This year we’re going back to basics, sort of. We are going to try and increase our planting density, thereby decreasing the overall area we have to maintain. To do that, we’re going to re-establish our beds, improve our propagation techniques, and be even more diligent this year on weed removal.

What We’ve Been Doing

When we first moved in, the property was overgrown. It had been unlived in for years and before that the previous owner was ill. Neighbors did help, but the black-cap raspberries, black locusts, and other colonizers had taken over. It took most of 2017 to remove the brush and since then we’ve been using cardboard and other light-excluding barriers to fight the weeds.

Overgrown garden space in 2017.

Our typical bed was made by putting down cardboard, outlining the beds with logs or other edging, and then filling the beds with a few inches of straw mulch. Starts were then planted in small holes punched in the cardboard. The soil is very fertile and this allowed us to make use of that soil while still getting good weed control. For the most part, this worked.

To increase our density, though, we need to improve our methods.

What We’ll Be Trying This Year

We’ll be following the advice of Charles Dowding more closely. Charles is a long-time market gardener in England. Although he’s in a warmer environment than us, his garden has been inspiring our work for years. He is a proponent of the no-dig method. This means no turning over the soil each spring, which is not only a huge labor savings, but it keeps the beneficial microbes and soil structures intact.

We are not associated with Charles, but we encourage you to check out his YouTube channel and website.

Unlike our own method of laying down cardboard with straw mulch and punching holes to plant through, Charles smothers the cardboard in a layer of compost. The layer of cardboard kills weeds by starving them of air and light. The weight of the compost helps in the process. A few weeds will push through the cardboard as it disintegrates over the season, but they will be greatly weakened and fewer in number, allowing for easy weeding.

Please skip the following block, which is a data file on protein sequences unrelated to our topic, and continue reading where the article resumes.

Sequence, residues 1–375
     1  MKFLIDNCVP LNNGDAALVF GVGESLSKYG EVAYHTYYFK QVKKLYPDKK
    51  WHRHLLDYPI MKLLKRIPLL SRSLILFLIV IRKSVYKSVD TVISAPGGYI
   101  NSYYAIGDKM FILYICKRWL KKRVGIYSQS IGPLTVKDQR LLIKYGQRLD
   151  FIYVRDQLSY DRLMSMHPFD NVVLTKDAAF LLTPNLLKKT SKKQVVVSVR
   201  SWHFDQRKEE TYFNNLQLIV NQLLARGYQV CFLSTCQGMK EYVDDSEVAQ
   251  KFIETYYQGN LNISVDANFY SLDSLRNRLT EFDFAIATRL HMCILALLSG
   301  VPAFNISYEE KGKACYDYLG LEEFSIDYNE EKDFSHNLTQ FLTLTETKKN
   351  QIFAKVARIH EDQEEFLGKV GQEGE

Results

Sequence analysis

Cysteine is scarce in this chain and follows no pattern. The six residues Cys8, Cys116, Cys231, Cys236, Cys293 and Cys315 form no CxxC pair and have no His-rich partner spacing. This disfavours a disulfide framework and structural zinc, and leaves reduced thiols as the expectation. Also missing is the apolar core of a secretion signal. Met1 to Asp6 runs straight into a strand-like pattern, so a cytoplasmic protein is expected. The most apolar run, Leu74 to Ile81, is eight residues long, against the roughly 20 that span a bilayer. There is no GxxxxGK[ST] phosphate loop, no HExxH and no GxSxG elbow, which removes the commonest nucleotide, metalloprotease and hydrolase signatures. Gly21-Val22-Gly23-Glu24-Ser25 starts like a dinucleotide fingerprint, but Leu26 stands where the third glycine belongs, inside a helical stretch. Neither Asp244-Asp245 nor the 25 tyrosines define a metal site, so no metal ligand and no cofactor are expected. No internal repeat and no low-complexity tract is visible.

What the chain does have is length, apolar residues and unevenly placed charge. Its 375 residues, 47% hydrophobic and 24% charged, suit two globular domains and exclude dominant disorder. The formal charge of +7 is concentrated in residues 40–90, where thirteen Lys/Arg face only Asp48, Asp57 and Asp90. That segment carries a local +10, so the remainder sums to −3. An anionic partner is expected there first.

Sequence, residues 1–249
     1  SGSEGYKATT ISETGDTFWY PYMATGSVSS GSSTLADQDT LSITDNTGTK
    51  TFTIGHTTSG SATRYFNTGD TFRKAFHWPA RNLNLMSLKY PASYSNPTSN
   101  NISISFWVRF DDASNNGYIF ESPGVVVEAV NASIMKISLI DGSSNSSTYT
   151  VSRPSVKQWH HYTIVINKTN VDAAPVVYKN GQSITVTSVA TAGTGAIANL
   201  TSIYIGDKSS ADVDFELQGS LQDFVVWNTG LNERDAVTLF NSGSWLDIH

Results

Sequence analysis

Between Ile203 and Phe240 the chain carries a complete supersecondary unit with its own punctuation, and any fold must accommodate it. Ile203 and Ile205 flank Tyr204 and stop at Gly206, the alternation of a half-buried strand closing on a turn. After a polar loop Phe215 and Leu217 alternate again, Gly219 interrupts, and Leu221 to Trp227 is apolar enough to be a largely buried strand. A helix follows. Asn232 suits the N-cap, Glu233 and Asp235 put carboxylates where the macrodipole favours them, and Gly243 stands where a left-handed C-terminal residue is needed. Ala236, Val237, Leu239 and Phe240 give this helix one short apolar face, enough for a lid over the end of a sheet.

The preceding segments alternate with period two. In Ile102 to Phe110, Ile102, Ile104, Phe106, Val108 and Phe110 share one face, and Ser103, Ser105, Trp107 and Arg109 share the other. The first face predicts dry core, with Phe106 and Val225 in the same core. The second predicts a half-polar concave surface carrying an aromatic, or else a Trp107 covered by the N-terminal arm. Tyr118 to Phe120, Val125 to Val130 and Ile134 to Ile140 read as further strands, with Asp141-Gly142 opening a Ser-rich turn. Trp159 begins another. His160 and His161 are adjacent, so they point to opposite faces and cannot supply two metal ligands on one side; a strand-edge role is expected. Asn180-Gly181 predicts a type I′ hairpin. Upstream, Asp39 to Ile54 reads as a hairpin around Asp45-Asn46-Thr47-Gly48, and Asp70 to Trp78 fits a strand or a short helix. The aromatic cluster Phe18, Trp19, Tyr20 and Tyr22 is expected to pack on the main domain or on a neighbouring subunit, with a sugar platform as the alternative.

We’ve avoided this due to the expense involved. Part of our plan for this summer is to build a larger and more committed composting station. We also hope to generate a lot of compost during our Hot Box Compost trials. The result is more compost for spreading on top of cardboard in years to come. Therefore we’re going to bite the bullet this year and buy in a few loads to get a head start on this method.

We also do not need as much compost as one who is starting from scratch. We have 6–8 in of organic soil already built up due to the fallow period and our previous years of no-dig gardening. We’ll be able to get by with about 2 in of compost plus another inch of mulched straw — the former holds down the cardboard and the latter helps maintain moisture.

The plan is to make a weed-impermeable barrier around each block of beds. This will be done with weed fabric and woodchips. We’ve avoided this in previous years because we were not sure where the beds would end up. Inside each block, we’ll have beds of compost overlaying cardboard with woodchip paths between them. We’re removing the bed edging, as they can harbor slugs. Then we’ll plant right into the compost, giving the weeds no chance to grow through the holes as they have in previous years. The barrier around the beds is important to keep weed creep from adjacent areas.

We’ll also be exercising more diligence in weed removal. We did this more last year than in years before, and it paid off. By staying on top of it for another year, we should significantly exhaust the existing seed and weed stores in the ground.

In the past, we’ve used smothering cardboard and newspaper with straw mulch on top to keep down the weeds. But we’ve left gaps for the planting rows and while this does help keep down the weeds, unwanted vegetation pushes through the gaps left for the vegetables. This improved method, while more resource-intensive, should show results immediately and will be easier and less-resource-intensive to maintain.

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